Monday, June 21, 2010

God's grace to Noah

The scene doesn't bear thinking about, but every movie portrayal I've ever seen of Noah's ark has included it. Imagine the preparation for the flood. Noah and his sons slaving over plans and planks, hammers and hardware for this behemoth of a boat. The neighbors have tailgate parties, drinking and laughing at the crazy man who thinks it's going to rain so much that he needs a ship to rescue all the animals and his family. Noah occasionally gets a fiery look in his eye and begins to rail at the neighbors, warning them of the wrath of God that will fall like a thunderstorm from the sky. They laugh louder.

The boat is finished, and the neighborhood becomes raucous with derision for Noah's foolishness. The only thing better than being a drunk is being a drunk with something worth laughing at -- and the neighbors have it. They mock and they sneer and they laugh at Noah and his sons, who righteously begin to load the animals -- all kinds of animals, two by two -- onto the ark.

NOTE: All this is based on the movies -- the Bible says very little about whether the neighbors laughed at Noah, aside from a couple obscure New Testament references.

In the movies, the scene changes as it begins to rain, and rain hard. Noah and his family and the animals are all shut up in the ark, and the neighbors suffer through torrents of rain. As the flooding starts in the low spots, they begin to become panicky, and finally they are beating on the sides of the ark in terror for their lives, but it is too late, too late ...

There is one tiny biblical detail in the story that is worth mentioning here. It appears in Genesis 7:16, where the Bible tells us that "the Lord shut them in." It was God who shut the door on the ark. Noah didn't have to bear on his conscience the weight of sealing that doorway, of closing off the way of escape to his neighbors. God did that.

Do you see what kindness this is to Noah? How terrible it must have been to think of his neighbors, even those who most deserved judgment, drowning in the flood waters. You can imagine Noah and his family shedding many tears over the consequences of wickedness, the judgment of God.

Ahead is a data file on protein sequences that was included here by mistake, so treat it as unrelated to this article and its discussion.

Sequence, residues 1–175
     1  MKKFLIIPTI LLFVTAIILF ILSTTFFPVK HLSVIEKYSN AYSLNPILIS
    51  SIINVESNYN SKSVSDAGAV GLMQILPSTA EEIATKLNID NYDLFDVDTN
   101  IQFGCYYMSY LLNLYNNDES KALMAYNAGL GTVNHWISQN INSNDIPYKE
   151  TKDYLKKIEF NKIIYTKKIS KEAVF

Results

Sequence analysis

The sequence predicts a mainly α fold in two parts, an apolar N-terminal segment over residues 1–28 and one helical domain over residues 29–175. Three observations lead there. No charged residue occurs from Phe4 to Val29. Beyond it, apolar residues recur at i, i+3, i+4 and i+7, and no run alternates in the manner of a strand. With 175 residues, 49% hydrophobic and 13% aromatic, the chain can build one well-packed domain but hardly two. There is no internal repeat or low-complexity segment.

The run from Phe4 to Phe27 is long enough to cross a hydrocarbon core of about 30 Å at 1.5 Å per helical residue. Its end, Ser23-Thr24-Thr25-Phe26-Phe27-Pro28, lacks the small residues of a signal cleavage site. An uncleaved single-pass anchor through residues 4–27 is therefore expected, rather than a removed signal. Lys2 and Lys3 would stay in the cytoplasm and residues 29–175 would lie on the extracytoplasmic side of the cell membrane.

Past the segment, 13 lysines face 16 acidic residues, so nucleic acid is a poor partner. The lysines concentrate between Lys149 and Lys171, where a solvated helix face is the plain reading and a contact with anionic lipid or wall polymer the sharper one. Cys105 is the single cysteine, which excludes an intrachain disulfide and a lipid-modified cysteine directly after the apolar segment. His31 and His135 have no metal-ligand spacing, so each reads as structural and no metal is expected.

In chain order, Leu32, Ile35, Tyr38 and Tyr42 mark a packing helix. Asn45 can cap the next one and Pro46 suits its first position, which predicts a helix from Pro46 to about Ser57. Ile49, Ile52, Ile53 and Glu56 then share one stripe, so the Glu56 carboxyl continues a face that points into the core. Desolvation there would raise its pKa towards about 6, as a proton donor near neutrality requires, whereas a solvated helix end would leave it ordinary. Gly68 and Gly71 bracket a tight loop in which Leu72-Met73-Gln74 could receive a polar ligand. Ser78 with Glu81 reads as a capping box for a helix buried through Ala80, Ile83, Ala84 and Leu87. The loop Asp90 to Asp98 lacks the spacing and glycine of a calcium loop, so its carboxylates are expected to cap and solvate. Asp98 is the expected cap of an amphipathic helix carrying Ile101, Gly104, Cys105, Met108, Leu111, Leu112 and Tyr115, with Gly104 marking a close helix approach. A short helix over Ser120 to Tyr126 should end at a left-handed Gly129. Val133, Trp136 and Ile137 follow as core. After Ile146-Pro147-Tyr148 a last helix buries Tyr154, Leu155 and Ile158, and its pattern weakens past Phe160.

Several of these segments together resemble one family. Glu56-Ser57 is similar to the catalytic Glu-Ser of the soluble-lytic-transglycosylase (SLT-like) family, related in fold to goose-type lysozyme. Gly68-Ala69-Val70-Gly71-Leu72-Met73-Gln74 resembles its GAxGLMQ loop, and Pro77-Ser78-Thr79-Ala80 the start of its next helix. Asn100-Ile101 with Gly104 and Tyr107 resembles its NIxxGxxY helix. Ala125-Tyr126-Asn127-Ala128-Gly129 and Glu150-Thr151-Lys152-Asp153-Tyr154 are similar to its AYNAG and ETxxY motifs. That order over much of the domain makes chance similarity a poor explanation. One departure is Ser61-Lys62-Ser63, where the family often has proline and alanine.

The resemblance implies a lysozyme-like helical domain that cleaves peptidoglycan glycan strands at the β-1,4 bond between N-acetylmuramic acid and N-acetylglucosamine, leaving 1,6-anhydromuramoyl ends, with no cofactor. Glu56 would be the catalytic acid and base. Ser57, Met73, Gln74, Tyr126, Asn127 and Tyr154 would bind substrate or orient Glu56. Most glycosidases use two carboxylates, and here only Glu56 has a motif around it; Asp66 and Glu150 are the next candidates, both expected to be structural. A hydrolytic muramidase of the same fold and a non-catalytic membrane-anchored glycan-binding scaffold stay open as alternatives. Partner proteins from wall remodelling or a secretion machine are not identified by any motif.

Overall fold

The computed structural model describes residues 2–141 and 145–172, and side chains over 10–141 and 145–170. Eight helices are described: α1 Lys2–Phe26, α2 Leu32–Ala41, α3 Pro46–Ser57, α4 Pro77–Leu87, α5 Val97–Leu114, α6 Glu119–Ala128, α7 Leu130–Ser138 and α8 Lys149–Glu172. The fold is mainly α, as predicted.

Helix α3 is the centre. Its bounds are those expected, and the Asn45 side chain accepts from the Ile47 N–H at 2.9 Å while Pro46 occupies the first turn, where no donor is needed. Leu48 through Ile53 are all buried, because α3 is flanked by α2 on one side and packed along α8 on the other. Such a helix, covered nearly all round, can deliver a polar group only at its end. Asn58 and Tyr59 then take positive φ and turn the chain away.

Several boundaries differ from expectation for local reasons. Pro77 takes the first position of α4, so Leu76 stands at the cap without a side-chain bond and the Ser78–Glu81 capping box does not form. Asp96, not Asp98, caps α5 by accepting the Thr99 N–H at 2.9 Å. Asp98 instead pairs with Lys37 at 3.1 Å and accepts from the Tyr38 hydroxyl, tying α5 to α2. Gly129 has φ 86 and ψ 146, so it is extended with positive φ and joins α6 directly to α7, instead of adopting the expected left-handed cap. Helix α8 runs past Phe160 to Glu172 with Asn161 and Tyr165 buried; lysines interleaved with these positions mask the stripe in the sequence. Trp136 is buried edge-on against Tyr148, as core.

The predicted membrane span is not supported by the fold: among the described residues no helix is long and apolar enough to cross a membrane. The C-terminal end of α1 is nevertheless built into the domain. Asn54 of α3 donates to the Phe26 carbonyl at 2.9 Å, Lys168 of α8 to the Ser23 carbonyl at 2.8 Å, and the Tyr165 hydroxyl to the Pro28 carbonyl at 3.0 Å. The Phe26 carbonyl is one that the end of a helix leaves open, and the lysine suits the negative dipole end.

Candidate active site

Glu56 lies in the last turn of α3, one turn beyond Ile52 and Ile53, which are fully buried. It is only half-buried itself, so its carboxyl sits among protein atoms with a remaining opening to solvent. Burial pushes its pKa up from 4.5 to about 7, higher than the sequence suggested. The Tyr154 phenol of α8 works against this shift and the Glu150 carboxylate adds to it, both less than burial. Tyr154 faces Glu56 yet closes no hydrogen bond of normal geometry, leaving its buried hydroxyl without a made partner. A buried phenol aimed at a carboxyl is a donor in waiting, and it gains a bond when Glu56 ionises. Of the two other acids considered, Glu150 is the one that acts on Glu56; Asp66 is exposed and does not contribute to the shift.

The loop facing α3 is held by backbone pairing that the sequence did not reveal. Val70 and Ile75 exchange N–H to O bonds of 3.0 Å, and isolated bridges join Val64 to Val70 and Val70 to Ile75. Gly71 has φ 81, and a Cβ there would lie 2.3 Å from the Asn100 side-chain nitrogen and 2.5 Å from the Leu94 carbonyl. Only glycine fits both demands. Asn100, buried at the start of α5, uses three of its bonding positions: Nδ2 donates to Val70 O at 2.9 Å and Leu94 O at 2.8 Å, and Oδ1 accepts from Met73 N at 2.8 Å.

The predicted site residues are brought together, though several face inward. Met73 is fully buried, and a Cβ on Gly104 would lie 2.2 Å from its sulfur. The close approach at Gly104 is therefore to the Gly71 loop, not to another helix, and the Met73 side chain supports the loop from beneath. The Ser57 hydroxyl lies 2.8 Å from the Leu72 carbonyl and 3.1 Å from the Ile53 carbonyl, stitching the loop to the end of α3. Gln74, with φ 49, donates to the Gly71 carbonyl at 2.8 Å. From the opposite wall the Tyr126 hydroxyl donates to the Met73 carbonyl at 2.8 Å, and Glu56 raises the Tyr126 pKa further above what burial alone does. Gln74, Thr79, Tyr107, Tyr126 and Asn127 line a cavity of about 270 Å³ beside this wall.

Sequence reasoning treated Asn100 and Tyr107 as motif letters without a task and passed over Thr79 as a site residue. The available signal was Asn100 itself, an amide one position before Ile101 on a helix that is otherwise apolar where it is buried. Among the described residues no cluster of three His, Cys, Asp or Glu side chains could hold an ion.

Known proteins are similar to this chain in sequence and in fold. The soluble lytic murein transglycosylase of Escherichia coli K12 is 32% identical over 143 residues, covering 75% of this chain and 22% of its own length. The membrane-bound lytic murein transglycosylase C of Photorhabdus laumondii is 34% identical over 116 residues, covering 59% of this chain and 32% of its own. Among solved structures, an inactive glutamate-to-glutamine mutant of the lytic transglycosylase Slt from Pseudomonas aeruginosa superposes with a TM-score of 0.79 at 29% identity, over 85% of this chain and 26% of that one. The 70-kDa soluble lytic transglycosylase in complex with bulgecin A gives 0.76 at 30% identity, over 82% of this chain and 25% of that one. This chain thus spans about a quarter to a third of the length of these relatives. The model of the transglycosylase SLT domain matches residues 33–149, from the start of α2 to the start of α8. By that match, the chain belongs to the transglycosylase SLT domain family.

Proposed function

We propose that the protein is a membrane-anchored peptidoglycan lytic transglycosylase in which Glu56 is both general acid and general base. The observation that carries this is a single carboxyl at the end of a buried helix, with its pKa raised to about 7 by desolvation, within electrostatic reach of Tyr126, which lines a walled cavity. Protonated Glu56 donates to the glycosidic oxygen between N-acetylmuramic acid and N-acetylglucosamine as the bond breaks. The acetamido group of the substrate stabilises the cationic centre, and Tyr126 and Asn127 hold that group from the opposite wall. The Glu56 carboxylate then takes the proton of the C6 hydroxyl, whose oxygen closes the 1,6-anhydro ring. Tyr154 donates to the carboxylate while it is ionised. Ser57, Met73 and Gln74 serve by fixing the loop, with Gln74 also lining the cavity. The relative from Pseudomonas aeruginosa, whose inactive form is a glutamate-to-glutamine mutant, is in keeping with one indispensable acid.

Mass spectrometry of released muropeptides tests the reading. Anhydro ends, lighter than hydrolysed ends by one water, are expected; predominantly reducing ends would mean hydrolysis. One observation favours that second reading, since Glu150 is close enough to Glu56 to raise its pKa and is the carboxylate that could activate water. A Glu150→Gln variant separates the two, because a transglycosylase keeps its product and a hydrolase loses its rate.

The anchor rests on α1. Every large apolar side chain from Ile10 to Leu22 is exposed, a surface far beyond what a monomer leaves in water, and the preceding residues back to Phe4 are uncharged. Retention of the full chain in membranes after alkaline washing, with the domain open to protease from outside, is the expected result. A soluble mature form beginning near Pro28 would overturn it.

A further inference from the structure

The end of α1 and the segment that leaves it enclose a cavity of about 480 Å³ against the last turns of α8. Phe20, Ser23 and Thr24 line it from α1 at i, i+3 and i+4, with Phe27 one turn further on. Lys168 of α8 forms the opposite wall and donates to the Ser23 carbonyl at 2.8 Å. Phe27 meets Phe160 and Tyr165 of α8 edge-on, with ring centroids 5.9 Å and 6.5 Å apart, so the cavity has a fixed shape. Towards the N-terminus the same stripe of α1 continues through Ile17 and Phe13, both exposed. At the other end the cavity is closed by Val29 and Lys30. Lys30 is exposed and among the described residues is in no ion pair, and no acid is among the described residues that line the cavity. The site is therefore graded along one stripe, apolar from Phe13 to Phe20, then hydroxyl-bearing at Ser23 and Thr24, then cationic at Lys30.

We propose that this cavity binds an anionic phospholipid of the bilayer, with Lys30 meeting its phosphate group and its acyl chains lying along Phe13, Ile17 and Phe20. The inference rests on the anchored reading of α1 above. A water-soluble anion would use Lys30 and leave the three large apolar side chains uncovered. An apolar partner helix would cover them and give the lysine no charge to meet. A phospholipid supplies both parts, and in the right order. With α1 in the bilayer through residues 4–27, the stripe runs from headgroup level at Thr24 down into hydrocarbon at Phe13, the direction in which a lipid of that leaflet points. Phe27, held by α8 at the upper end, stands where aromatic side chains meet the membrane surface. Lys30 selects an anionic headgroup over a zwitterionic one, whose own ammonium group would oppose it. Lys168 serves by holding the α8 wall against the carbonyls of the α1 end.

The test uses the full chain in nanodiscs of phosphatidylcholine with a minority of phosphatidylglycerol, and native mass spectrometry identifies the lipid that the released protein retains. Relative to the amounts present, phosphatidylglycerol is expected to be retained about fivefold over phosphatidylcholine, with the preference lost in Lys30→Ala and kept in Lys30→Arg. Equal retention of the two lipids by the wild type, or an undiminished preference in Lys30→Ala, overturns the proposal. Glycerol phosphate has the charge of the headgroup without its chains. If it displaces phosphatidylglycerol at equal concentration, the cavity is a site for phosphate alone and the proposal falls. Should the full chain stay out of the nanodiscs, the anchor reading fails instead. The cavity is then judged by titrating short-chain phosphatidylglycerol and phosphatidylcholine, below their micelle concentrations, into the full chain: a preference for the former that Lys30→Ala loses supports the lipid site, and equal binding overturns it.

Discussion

It's not so different for you and me. When God makes his covenant with you and declares you righteous, when he begins to work in your life to redeem those closest to you, there will be those around you who will resist his love. They may hear about your faith and sneer, or mock, or laugh. Or they may just go their silent way and reject the God who has found you. Depending on your style you may warn them, or try to persuade them, or pray for them, or just ache for them. In some cases they will join you; in most they will continue to reject the God you love. But you need never shut them out of what God is doing in your life.

You don't close the door on them. You don't speak judgment on them. If that sentence needs to be pronounced, God will do it. This is God's grace to you -- not only that your sins are forgiven, but that God spares you from having to bind them to their sin and pronounce judgment on them. You can live in love with God and let them see; you can speak a word of invitation to them when you are called to do so. But the final evaluation of their lives, the final closing of the door, is God's business. Because we know the grace of God, we grieve when we see a life ended by those who reject the love of God. For we know that their many sins (though no more numerous than our own) became the bars of the cell that held them back from Jesus. And we know that all the while, God was yearning to unlock the door and release them from the cell of their own making -- but in pride or in despair, they held the door fast shut.

When a life like this ends, we weep. We can be thankful that the consequences of a life squandered are not left to you and me. This is his mercy to us, even as others experience it as judgment. It is the same door. What matters is which side of the door you are on when the storm hits.

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